Other than having a name that sounds like it should be reserved for a superhero, Kieffer Bellows is actually a pretty darn good hockey player. Playing on the U.S Developmental National Team with highly touted players like Clayton Keller may have moved his stock down a bit but that doesn’t mean he isn’t a great player in his own right. Where does Bellows fit in this year’s draft?
Bellows is the tenth ranked North American skater according to NHL CS rankings.
Bellows set a USHL record when he scored 33 goals as a 16 year old. It doesn’t matter where he plays or when he plays, he always manages to score goals. He is also born in June with a 98 birth year, he has always faced older competition and been up to the task. Not terribly big by any means, but always seems to bully players off the puck. Having scored above a point per game this past year wherever he played, he should hear his name called fairly early in the first round.
Scouts love what Bellows brings to the table, including Steve Kournianos of The Draft Analyst:
“Bellows is a well-built goal scorer with a low center of gravity who can play a punishing, heavy yet cerebral game. He’s a good skater with tremendous balance and moves well laterally. And while he used play center for Edina’s powerhouse high school program, Bellows is most certainly better suited as a shooter from the flank. He’s built like a Mack truck and plays with fire, using tremendous athleticism and work ethic to maintain his compete level, even during extended shifts. He’s extremely difficult to move off the puck, and he’s proven to be a load to handle for some of the NCAA’s bigger defensemen. Bellows is a hard, accurate passer, but can also feather a pass off the rush or lead his teammates with timing and precision.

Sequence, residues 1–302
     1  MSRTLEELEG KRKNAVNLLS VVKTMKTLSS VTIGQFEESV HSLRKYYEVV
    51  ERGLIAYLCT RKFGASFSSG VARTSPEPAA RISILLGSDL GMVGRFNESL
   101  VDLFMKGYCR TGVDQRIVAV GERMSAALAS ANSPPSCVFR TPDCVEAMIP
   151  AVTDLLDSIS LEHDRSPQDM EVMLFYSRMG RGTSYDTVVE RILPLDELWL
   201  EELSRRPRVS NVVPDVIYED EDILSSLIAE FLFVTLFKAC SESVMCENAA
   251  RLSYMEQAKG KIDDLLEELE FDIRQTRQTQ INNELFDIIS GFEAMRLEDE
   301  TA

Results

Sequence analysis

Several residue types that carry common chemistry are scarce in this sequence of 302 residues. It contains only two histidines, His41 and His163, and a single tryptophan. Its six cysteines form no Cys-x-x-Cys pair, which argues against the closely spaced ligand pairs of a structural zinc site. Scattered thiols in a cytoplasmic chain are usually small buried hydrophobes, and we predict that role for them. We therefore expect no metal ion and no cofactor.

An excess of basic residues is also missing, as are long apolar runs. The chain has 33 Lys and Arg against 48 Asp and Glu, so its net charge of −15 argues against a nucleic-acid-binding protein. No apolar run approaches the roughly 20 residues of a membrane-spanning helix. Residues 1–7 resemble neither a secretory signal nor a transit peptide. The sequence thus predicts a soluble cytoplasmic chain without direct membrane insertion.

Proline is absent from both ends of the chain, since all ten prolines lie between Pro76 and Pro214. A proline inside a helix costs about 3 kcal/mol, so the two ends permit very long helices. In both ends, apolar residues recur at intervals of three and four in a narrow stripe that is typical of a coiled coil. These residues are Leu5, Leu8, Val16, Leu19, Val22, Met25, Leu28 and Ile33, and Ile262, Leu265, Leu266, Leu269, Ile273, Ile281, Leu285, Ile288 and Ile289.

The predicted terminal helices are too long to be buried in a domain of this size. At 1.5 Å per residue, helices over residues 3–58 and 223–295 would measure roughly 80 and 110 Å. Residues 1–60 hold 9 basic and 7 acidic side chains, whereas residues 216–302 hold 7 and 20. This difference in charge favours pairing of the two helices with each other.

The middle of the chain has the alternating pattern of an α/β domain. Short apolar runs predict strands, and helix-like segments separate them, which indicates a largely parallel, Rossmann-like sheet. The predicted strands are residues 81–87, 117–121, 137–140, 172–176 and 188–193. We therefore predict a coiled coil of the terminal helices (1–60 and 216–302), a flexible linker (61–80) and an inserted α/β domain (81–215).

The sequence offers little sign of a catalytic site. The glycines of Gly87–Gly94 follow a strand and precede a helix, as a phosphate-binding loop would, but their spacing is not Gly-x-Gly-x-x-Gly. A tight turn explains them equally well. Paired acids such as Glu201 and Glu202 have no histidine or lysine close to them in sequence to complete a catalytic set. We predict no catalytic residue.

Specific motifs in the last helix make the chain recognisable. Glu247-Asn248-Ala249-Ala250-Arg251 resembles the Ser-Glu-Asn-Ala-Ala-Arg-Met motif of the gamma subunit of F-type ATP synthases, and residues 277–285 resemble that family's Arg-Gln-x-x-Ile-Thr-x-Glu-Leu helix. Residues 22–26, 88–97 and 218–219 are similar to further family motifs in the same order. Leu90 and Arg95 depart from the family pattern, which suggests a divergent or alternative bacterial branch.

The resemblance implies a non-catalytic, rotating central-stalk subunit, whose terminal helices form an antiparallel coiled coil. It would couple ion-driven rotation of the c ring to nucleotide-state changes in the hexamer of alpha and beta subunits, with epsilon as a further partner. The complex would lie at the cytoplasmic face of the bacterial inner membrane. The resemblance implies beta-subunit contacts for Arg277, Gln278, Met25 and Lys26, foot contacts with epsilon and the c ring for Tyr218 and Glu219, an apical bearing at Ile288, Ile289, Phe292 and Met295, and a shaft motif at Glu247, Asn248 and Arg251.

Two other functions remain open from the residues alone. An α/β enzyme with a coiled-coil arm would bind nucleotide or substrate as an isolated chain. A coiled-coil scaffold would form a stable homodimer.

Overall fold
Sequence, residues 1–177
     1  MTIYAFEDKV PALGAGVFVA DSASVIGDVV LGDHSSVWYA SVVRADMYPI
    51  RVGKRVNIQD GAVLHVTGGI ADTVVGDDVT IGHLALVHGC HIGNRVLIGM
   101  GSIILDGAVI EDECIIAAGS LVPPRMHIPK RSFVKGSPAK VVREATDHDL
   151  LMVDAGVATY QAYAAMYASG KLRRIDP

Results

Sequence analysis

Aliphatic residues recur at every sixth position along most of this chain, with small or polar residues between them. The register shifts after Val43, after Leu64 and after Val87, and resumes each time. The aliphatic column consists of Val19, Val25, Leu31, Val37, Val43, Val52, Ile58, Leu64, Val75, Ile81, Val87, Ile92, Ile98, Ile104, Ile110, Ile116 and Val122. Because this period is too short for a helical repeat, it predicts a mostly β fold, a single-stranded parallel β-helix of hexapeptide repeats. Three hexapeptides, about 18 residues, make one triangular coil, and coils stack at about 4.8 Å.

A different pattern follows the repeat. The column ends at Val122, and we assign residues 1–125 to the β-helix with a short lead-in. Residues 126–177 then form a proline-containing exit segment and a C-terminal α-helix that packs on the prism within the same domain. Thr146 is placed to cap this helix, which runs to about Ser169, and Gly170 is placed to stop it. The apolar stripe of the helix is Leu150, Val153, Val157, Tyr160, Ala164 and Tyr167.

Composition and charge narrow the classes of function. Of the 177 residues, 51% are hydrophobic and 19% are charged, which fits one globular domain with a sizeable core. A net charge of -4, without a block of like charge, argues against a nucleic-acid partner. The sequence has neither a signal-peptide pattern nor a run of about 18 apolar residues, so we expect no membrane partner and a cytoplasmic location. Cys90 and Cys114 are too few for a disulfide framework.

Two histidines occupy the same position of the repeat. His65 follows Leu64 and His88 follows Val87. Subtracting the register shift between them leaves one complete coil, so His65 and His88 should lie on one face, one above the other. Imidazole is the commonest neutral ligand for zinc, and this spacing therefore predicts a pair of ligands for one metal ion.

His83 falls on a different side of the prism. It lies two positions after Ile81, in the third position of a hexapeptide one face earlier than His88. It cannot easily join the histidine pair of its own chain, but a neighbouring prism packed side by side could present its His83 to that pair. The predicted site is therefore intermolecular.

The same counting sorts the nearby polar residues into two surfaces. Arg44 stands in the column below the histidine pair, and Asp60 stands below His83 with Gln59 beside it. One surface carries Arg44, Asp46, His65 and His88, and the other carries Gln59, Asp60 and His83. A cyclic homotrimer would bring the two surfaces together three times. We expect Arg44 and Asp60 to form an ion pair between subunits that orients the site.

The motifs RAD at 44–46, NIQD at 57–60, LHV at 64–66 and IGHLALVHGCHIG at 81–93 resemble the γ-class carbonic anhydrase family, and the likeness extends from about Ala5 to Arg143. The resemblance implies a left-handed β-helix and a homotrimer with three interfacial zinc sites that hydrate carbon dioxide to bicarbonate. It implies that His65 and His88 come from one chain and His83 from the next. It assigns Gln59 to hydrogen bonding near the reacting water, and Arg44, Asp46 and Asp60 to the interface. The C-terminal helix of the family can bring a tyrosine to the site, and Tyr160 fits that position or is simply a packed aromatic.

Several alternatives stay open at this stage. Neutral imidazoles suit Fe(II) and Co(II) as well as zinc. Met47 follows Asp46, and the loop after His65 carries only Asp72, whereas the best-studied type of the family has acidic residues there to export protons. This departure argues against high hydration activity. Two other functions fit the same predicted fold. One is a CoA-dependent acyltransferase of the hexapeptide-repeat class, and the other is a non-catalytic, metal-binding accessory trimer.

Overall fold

Bellows’ approach towards every shift is to keep himself involved at all times in order to acquire the puck, using his physical gifts and wide frame to protect it as he maneuvers towards the net. Take our word for it – if a defender is nervous going back for the puck, Bellows will sniff it out and exploit that fear. He plays an aggressive, sometimes stubborn game, often too much for his own good. Getting whistled for bad penalties is a habit he’s had since high school, and fixing that should be a training objective when he plays for Boston University next season. When he keeps his emotions in check, however, he can be an unstoppable force.”
Aynsley Scott of Dobber Prospects agrees that Bellows is a force to be reckoned with:
“Kieffer Bellows plays a game that is getting harder to find in the NHL and that’s as a true power forward with grit and scoring. Though not overly tall, Bellows makes up for his average height with a thick body, a strong center of gravity, and exceptional athleticism to be a punishing force along the wall and in front of the opposition’s net. Blessed with a hard accurate wrist shot, solid passing, and good on-ice vision, Bellows isn’t simply a garbage goal scorer either as he can give and go with the best of them. Though he doesn’t have elite level speed, Bellows skating gets him where he needs to be and he is a menace on the fore check that has defenders looking over their shoulder.”
Does he fit in with the Red Wings?
Not entirely fleet of foot, Bellows is a traditional power forward in the sense that he does all of the traditional hockey tenants well like checking and grinding plays out but still scores at a good clip. He strikes me as a player that would fit well on a gritty team. Is that what the Wings want to be? Their young prospects are more speed oriented, yet the NHL team is filled with “heavier” type of players. What type of team are they trying to build? It seems like they want to move into the 21st century with the rest of the NHL, so Bellows doesn’t seem to be their pick.
He may be king of the corny tweet.
Beep beep! There is a new driver on the road! ????
— Kieffer Bellows (@BellowsKieffer) June 10, 2014